TSF Industry Series: Van Art Gallery & Protocols

The Talking Stick Festival Industry Series:
Case Study: Vancouver Art Gallery and Protocols


In this discussion, 4 panel members discuss the issues and protocols that arise when (re)creating “Indigenous” performance art. The discussion arose from the Vancouver Art Gallery’s November 2015 Fuse event, Transform, where the art gallery space was to be “transformed” through live performance and interactions. In this event, one performance had demonstrated “bad medicine” – lack of adherence to protocols, misrepresentation and (in my opinion) borderline racist content. However, the panel stated that the focus is not on the negative but how we can learn from these experiences to better represent Indigenous art and cultures.

The panel members consisted of Open Space’s Aboriginal Curator-in-Residence France Trépanier; Grunt Gallery’s Program director Glenn Alteen; Vancouver Art Gallery’s Chief Curator and Associate Director Daina Augaitis; and Scotia Bank Dance Centre Artist-in-Residence and UBC Art History professor Dr. Miquel Dangeli. The talk was witnessed by Haida Heritage Centre’s curator Nika Collison.

Protocol and Performance art

In the discussion, the participants revisited their understanding of the performance piece, and defined their roles in the performance, if any. Some panel members had a hand in implementing the performance, with roles as Fuse organizer and Art Gallery curator. This brings me to protocols – while there are no set rules that all First Nations/ Metis/Inuit peoples can use to guide their performance work, there are Indigenous concepts that can help one to meet protocol.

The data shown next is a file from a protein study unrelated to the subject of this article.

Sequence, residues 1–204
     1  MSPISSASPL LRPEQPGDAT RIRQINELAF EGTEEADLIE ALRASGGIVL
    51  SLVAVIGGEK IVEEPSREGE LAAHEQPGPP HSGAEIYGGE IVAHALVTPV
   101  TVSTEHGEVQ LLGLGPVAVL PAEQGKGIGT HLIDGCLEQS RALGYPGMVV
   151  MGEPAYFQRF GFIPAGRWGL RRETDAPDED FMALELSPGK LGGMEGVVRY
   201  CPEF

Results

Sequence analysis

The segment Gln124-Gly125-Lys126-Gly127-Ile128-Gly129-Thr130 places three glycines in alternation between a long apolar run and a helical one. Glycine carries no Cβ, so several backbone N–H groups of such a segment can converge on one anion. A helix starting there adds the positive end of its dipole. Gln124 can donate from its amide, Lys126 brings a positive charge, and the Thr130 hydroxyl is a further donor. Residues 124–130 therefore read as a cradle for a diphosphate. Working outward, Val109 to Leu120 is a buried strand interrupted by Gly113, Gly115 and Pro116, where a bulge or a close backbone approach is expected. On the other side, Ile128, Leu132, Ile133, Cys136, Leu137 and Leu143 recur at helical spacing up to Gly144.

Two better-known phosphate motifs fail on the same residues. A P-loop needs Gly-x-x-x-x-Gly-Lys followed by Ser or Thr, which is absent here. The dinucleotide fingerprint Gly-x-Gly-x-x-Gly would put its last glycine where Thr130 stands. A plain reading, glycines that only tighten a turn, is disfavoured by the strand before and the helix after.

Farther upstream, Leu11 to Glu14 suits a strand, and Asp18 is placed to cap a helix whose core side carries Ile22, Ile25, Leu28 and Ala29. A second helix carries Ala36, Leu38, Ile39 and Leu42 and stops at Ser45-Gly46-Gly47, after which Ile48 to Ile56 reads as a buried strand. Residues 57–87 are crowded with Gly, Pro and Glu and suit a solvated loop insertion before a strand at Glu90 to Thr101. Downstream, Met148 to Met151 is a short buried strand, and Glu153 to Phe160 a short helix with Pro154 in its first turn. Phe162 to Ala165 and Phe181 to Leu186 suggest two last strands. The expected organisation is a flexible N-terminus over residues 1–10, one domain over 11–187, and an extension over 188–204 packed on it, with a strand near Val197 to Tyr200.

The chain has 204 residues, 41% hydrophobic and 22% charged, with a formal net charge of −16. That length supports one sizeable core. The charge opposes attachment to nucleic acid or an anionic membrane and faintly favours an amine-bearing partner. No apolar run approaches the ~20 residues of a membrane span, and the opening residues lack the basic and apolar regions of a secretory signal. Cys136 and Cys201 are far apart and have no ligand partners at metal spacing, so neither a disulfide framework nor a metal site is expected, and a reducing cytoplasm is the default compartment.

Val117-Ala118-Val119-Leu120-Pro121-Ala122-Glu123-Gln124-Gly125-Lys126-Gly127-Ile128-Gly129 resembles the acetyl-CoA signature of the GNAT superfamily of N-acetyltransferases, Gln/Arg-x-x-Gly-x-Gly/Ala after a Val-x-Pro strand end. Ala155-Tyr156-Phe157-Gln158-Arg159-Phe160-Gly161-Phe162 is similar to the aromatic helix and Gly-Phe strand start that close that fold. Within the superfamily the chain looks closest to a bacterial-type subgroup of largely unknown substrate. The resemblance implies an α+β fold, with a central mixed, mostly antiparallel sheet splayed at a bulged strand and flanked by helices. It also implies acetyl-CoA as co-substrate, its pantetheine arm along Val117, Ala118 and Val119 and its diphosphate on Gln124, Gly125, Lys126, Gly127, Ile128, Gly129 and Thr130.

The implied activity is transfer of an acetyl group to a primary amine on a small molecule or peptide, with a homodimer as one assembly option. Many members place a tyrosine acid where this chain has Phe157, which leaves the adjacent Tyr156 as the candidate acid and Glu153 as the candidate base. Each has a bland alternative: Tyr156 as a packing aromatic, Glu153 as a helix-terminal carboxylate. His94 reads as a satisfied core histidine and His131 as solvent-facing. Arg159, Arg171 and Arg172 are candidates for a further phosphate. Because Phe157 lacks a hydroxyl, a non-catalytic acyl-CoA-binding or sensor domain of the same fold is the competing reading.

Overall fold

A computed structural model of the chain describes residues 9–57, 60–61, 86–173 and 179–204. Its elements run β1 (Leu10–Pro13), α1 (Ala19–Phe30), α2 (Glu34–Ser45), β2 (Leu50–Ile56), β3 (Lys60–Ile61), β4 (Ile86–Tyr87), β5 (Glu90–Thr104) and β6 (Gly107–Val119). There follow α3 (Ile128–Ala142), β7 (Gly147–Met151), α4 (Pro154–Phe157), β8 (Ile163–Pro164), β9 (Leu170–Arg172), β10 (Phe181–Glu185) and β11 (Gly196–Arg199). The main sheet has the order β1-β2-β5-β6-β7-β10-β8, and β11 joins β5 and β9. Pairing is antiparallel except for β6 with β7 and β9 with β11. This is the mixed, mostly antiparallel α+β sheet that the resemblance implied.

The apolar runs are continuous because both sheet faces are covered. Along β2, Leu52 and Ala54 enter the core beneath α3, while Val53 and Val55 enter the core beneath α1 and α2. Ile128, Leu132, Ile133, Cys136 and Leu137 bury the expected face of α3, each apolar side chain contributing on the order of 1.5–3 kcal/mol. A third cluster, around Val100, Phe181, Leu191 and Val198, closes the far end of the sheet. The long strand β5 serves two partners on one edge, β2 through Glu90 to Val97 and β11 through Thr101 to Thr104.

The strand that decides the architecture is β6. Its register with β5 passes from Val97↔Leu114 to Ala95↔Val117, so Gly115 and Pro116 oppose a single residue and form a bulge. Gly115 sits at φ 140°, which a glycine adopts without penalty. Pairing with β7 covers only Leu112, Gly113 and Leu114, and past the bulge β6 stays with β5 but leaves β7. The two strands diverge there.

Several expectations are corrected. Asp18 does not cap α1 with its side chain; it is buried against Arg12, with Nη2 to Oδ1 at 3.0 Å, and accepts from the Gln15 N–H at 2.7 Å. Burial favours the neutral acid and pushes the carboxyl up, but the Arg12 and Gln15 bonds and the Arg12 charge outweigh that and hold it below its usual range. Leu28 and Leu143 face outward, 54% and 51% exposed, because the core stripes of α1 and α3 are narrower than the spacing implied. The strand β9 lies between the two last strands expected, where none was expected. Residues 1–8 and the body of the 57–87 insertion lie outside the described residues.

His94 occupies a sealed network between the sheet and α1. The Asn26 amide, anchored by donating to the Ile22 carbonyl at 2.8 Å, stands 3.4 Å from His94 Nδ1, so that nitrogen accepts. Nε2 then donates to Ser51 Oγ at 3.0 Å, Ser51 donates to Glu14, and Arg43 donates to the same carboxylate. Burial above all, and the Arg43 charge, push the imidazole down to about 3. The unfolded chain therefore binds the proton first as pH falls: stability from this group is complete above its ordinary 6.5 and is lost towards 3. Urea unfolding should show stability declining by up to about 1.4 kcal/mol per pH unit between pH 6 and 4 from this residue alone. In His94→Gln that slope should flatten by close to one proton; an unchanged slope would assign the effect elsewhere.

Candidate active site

The Four Rs: Respect, Relevance, Reciprocity, Responsibility. The 4 Rs are often used to conceptualize Indigenous pedagogy for Western educational systems. When looking at the Angela Brown performance at the Vancouver Art Gallery, one can easily check protocols by using the 4 Rs: does it respect Haida dance/culture/art? What is it’s relevance to the Haida culture/Indigenous culture/dance? Is this a one-sided relationship or is anything reciprocated? And is this performance being responsible for its use of Indigenous/non-Indigenous actors/performers? These questions are meant to shed light on the power inequalities that can create imbalanced and damaging relationships. Francis Trépanier asked that we use a 5th R: Reverence – that is, the meditative and spiritual feeling of awe.

Another concept explored was “re-enactment” in performance. The performance was cited by the choreographer Angela Brown as being a “re-enactment” of a 1970s performance on Haida Gwaii by performer Evelyn Roth and artist Robert Davidson. Artist Robert Davidson was present at the discussion, and stated that he had never given permission nor did he know about this “re-enactment” performance. The concept of a “re-enactment” was questioned, as the original performance did not resemble the Fuse performance.

Protocol in the Art Gallery